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Drilling Engineering Chapter 5: Drilling Bits

Making these substitutions in the force balance equation gives

Summing forces parallel to the fracture plane gives Expressing all unit areas in terms of dAn and simplifying yields

These two equations represent graphically by the Mohrs circle.

Example: A rock sample under a 2,000 psi confining pressure fails when subjected to a compressional loading of 10,000 psi along a plane wich makes an angle of 270 with the direction of
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the compressional load. Using the Mohr failure criterion, determine the angle of internal friction, the shear strength and the cohesive resistance of the material. Solution: the angle and 2 must sume to 900. Thus the angle of internal friction is given by = 90 2(27) = 36 0 The shear strength is computed as follows = (1 3)sin(2) = (10,000 2,000)sin(540) = 3,236 The stress normal to the fracture plane is n = (1 + 3) (1 3)cos(2) = 3,649 psi The cohesive resistance can be computed c = - ntan= 585 psi 4.3.3. Failure Mechanism of Rolling Cutter Bits Percussion or crushing action is the predominant mechanism present for the rolling cutter bits. Since these types of bits are designed for use in hard, brittle formations in which ROP tend to be low and drilling costs tend to be high, the percussion mechanism is of considerable economic interest.

The apparatus allowed the borehole pressure, rock pore pressure, and rock confining pressure to be varied independently. The apparatus was equipped with a static loading device which used an airactuated piston to simulate constant force impacts similar to those produced in rotary drilling. Strain gauges and a linear potentiometer were used to obtain force displacement curves. Maurer found that the crater mechanism depended to some extent on the pressure differential between the borehole and the rock pore pressure. At low values of differential pressure, the crushed rock beneath the bet tooth was ejected from the crater, while at high values of differential pressure the crushed rock deformed ina plastic manner and was not ejected completely form the crater.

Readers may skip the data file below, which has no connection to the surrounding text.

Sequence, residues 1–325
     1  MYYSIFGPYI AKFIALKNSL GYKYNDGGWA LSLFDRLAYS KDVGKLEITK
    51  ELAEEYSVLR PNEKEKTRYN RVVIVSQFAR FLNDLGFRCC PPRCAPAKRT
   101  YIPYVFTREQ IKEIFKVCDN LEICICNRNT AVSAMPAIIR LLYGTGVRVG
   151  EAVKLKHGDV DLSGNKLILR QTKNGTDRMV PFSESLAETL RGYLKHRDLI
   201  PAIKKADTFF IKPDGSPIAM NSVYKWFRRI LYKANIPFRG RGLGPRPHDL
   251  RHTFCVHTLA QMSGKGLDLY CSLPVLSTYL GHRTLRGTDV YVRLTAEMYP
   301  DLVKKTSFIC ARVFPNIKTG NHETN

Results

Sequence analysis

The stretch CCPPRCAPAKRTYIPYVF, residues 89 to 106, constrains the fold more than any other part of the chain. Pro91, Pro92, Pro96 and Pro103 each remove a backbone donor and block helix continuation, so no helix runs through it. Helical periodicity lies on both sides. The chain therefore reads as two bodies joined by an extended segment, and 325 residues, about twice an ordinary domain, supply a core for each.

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Drilling Engineering Chapter 5: Drilling Bits

As load is applied to a bit tooth (A), the constant pressure beneath the tooth increases until it exceeds the crushing strength of the rock and a wedge of finely powdered rock then is formed beneath the tooth (B). as the force on the tooth increases, the material in the wedge compresses and exerts high lateral forces on the solid rock surrounding the wedge until the shear stress exceeds the shear strength of the solid rock and the rock factures (C). these fractures propagate along a maximum shear surface, which intersect the direction of the principal stresses at a nearly constant angle as predicted by the Mohr failure criteria. The force at which fracturing begins beneath the tooth is called the threshold force. As the force on the tooth increases above the threshold value, subsequent facturing occurs in the region above the initial fracture, forming a zone of broken rock (D). at low differential pressure, the cuttings formed in the zone of broken rock are ejected easily from the crater (E). the bit tooth then moves forward until it reaches the bottom of the crater, and the process may be repeated (F, G). At high differential pressures, the downward pressure and frictional forces between the rock fragments prevent ejection of the fragments (E). As he force on the tooth is increased, displacement takes place along fracture planes parallel to the initial fracture (F, G). This gives the appearance of plastic deformation, and craters formed in the manner are called pseudoplastic craters. 4.4. Factors affecting penetration rate The most important variables affecting penetration rate that have been indentified and studied included: bit type, formation characteristics, drilling fluid properties, bit operating conditions (WOB, and ROP), bit tooth wear, and bit hydraulics. 4.4.1. Effecting of Bit Type The bit type selected has a large effect on ROP. For rolling cutter bits, the initial ROP is often highest in a given formation when using bits with long teeth and a large cone offset angle. However, these bits are practical only in soft formations because of a rapid tooth destruction and decline in penetration rate in hard formations. The lowest cost per foot drilled usually is obtained when using